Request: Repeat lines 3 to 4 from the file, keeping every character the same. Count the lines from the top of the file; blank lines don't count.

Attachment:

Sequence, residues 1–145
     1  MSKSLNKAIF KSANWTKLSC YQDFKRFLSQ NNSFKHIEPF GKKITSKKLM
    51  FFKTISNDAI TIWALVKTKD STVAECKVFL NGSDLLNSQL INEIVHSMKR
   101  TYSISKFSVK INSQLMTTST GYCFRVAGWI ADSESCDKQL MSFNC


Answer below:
    51  FFKTISNDAI TIWALVKTKD STVAECKVFL NGSDLLNSQL INEIVHSMKR
   101  TYSISKFSVK INSQLMTTST GYCFRVAGWI ADSESCDKQL MSFNC